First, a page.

Funds are available for farmers, ranchers, and forest owners to help clean up two creeks in WWALS watersheds: Deep Creek in Turner County, a tributary of the Alapaha River, and Piscola Creek in Thomas and Brooks Counties, a tributary of the Withlacoochee River. The deadline for applications is May 16th.
WCTV via AP 5 April 2104, Georgia to Clean Up Waterways,
Georgia officials are trying to clean up waterways in two south Georgia counties.
State conservation officials say they’ll be giving funds to farmers, ranchers and forest owners in Brooks and Thomas counties to help repair environmental damage to four watersheds.
Piscola Creek has a GA EPD hazardous waste site near it in Brooks County; that doesn’t seem to be within the grant parameters.
Let’s go to the source, NRCS PR of 4 April 2014, NRCS Announces National Water Quality Initiative in Georgia,
355 East Hancock Ave., Ste. 212
Athens, GA, 30601
Release No.: 00009.14
Agricultural Producers located in priority watersheds will be able to participate
ATHENS, GA, April 4, 2014 — Acting State Conservationist Greg Kist, announced the National Water Quality Initiative to help improve four impaired waterways in Georgia. USDA-Natural Resources Conservation Service (NRCS) will manage the initiative by making funds available to farmers, ranchers and forest landowners in the selected watersheds. Applications must be in by May 16.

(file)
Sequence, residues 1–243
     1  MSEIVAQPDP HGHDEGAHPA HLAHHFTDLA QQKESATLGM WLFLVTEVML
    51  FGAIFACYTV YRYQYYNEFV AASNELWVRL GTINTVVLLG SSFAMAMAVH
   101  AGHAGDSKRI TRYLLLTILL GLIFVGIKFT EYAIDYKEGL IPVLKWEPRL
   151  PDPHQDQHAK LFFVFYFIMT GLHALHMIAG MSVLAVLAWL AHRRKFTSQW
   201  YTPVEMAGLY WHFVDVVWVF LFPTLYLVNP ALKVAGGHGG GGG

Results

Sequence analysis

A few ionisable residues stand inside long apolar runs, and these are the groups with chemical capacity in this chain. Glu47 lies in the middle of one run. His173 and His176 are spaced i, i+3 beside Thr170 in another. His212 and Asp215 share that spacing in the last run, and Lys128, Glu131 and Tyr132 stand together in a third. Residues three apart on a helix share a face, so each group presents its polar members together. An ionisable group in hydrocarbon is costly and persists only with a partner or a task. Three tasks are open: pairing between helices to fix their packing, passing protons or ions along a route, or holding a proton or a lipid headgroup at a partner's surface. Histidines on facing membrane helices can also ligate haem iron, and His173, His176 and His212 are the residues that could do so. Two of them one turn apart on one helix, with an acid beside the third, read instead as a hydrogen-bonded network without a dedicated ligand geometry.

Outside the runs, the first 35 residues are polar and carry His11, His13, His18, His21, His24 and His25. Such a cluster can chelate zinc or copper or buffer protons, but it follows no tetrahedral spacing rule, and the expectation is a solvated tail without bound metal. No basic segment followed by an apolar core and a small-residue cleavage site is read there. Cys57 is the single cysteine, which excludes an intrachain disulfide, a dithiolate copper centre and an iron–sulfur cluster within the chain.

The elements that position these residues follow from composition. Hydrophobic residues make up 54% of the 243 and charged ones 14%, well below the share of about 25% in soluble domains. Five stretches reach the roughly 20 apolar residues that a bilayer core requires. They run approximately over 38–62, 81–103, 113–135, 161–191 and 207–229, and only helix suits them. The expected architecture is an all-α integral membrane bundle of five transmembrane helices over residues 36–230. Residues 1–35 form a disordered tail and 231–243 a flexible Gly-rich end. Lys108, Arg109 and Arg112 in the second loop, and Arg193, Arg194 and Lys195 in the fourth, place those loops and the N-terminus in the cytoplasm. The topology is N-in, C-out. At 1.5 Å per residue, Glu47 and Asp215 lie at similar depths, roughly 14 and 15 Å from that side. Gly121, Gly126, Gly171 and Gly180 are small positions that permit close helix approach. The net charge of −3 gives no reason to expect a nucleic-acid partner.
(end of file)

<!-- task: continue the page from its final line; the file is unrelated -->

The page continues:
Through this effort, eligible producers in the following four watersheds: Lower Deep Creek, in Turner County; Upper Piscola Creek, Middle Piscola Creek and Lower Piscola Creek, in both Brooks and Thomas Counties, will invest in voluntary conservation actions to help provide cleaner water for their neighbors and communities. The selected watersheds were originally identified with help from state agencies, partners, and the NRCS State Technical Committee.
Using funds from the Environmental Quality Incentives Program, NRCS will provide funding and advice to producers to install conservation practices such as cover crops, filter strips and terraces in watersheds with impairments where the federal investment can make a difference to improve water quality.
NRCS accepts applications for financial assistance on a continuous basis throughout the year. Remember to check with your local NRCS office to see if you are located in a selected watershed. All applications for funding consideration, during this fiscal year, must be received by May 16, 2014. This summer, NRCS will notify all applicants of the results and begin developing contracts with selected applicants.
Since 1935, NRCS’ nationwide conservation delivery system works with private landowners to put conservation on the ground based on specific, local conservation needs, while accommodating state and national interests. For more information about NRCS’ programs, initiatives and services in Georgia, visit us online at http://www.ga.nrcs.usda.gov.
Above are maps of the four priority watersheds in Georgia. Left is Lower Deep Creek, located in Turner County and right is the Upper and Middle Piscola Creek, located in Thomas and Brooks Counties and Lower Piscola Creek located in Brooks County
And still more detail by NRCS in National Water Quality Initiative: Georgia: Overview, in which it becomes clear that these two creeks are all the NWQI priority watersheds in Georgia.